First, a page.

Medical Research vs. Exploitation

Medical Research vs. Exploitation

Earlier this week, the family of Henrietta Lacks settled a case with ThermoFisher over the use of special cells, HeLa cells, taken from Lacks’ cervix during a routine biopsy when she was being treated for cancer. When I first heard this story, one of the things that concerned me was the idea that taking Lacks’ cancer cells without consent was unethical, given that it was done for her benefit. I could see that SELLING the cells was unethical for financial reasons, but the idea that studying the cells without Lacks’ consent was wrong challenged my understanding of medicine.

Removing cancer cells with a biopsy and studying them in the effort of understanding the cancer and trying to treat it is a practice that has been going on since the 1870’s in persons of all races, and it is only recently that individuals have been asked to consent with this practice. I recently had a biopsy to exclude the possibly of cancerous lymph nodes, and I was begging for one. Not performing a biopsy to check for cancer is considered negligence.

However, when the HeLa cells were studied, it was found that they reproduced within 24 hours. And this was a medical miracle. Should Lacks have been told then? Would she have understood? Would she have been asked if her cells could be used for research? Would she have been asked every time a medical researcher used her cells to expand medical knowledge and develop cures for major illnesses? The idea that it was unethical to use the cells without the Lacks’ consent or subsequently the consent of her family was a problem that really bothered me, because I was alarmed at the possibility that the family would say no, and critical research would be halted.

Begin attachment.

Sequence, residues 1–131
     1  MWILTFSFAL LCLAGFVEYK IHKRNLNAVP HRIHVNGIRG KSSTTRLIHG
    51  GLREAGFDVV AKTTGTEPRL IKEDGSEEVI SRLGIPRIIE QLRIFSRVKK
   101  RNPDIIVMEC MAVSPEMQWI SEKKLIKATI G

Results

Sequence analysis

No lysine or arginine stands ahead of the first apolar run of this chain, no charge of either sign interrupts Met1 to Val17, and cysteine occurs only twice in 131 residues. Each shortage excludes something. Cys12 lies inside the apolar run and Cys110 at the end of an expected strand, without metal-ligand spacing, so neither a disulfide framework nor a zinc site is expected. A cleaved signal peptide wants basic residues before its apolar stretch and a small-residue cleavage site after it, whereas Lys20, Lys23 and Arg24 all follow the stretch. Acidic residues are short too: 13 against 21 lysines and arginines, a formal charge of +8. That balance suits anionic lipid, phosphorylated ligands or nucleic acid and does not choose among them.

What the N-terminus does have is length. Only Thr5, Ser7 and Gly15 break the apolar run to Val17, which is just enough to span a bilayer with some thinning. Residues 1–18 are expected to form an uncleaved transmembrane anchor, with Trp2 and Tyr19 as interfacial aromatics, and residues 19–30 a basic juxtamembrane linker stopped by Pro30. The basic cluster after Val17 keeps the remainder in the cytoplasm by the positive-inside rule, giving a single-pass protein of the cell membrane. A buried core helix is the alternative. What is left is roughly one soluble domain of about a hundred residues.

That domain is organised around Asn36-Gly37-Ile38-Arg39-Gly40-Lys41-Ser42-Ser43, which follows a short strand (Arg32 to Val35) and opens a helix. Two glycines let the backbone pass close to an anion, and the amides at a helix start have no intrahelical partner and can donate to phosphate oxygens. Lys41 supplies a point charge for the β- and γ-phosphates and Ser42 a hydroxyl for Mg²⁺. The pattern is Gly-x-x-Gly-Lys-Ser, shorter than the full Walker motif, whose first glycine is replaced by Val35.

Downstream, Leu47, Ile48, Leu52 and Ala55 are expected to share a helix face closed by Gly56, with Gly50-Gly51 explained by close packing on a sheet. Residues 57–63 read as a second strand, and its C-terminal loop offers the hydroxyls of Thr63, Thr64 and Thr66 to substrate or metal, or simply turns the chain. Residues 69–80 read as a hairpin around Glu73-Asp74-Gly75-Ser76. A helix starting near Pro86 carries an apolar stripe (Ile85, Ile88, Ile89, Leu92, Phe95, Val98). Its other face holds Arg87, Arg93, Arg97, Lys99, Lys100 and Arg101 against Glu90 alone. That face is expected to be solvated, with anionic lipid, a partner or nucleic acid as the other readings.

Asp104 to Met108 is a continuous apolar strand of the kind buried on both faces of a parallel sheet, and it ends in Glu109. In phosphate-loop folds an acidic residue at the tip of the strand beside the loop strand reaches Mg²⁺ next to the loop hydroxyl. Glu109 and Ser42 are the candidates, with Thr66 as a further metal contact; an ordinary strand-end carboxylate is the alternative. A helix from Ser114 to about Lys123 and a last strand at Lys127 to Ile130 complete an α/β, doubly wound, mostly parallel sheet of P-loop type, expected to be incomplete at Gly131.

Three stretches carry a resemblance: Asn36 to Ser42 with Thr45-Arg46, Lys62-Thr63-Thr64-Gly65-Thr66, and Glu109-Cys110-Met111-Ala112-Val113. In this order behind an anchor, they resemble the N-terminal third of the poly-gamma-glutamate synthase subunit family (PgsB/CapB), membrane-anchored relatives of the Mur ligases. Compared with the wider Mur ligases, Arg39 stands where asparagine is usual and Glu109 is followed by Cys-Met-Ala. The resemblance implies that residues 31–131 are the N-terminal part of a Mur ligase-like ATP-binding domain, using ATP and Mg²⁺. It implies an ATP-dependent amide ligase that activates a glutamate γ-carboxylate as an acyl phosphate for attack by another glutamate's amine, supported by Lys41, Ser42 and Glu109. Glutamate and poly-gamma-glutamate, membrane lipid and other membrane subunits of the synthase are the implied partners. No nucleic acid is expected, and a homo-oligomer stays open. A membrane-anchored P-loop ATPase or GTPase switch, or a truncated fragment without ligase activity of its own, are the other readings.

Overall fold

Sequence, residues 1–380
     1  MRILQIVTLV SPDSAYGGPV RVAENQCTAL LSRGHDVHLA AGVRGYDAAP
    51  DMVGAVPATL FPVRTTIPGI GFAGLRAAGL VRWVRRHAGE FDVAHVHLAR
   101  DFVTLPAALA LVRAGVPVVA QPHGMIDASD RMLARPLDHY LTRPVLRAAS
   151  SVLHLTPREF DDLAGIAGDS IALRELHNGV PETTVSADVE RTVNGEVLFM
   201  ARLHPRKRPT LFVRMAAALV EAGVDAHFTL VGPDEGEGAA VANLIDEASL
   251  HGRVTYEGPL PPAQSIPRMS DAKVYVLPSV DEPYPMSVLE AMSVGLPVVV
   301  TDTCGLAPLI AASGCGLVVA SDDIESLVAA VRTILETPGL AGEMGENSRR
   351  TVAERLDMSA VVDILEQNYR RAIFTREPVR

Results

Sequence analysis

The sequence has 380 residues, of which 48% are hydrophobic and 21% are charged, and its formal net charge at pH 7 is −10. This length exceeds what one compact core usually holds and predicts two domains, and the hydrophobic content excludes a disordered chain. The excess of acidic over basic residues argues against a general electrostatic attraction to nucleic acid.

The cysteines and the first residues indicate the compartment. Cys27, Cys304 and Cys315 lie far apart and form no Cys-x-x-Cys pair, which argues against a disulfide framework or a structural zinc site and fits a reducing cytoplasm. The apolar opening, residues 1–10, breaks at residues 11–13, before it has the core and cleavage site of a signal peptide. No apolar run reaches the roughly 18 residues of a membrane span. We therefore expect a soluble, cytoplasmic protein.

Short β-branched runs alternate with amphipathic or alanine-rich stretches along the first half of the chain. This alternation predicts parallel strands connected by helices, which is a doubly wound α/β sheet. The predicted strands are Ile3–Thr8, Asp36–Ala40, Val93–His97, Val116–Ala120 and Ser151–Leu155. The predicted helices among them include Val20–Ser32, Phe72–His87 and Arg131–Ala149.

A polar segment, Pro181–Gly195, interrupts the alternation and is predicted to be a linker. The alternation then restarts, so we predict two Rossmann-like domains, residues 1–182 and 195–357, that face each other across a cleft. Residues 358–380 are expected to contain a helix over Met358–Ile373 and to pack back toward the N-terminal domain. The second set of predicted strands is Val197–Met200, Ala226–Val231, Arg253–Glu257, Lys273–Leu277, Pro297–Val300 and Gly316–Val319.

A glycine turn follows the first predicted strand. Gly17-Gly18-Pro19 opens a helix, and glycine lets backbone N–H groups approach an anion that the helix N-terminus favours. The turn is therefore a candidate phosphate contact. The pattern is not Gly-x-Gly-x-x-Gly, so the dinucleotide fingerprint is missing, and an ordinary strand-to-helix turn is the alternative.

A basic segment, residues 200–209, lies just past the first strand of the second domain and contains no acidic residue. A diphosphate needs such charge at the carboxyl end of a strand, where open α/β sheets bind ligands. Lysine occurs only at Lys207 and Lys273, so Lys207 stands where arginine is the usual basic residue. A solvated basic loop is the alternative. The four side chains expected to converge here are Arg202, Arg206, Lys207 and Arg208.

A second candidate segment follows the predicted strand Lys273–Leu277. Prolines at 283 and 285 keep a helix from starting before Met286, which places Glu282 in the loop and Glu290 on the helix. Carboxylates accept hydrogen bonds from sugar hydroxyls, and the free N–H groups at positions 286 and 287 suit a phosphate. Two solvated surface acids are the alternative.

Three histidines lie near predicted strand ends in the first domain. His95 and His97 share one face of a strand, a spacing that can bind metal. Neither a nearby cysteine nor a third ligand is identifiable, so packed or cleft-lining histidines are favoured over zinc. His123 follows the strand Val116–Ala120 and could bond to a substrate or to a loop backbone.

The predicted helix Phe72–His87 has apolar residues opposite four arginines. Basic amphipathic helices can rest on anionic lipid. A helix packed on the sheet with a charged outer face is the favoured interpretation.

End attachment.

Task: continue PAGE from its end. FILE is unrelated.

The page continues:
Henrietta Lacks’ cervical cancer HeLa cells are amazing. They are called “immortal” because of how fast they reproduce. HeLa cells have been reproducing since 1951, when they were originally removed from Lacks’ cervix and they have been used in the treatment of cancer and Parkinson’s disease, in the development of polio vaccines… and even in the development of the COVID vaccine. The cells are crucial for medical research, and I would hate to see Lacks’ family – non-researchers – arbitrarily choose who could use them.

BUT! The fact that the cells were SOLD makes all the difference in the world. A vial of HeLa cells goes for $650 in today’s market. Because they reproduce every 24 hours, hundreds of thousands of vials have been sold since 1951. For any company to make a profit from the HeLa cells without compensating the family is wrong.

The idea that experimentation on African-Americans without their consent is a horrific injustice is most famous in the “Tuskegee Syphilis Study”. For 40 years, 600 black men with Syphilis were left untreated in order to study the disease. They were lied to and told that they were being treated when in fact they were receiving placebos. 128 men died, 40 wives were infected, and 19 children were born with congenital Syphilis. The study was begun in 1932 and ended in 1972 when it was decided that the study was unethical. The effects of the study still harm the families involved today, and while they were “compensated”, it cannot undo the damage.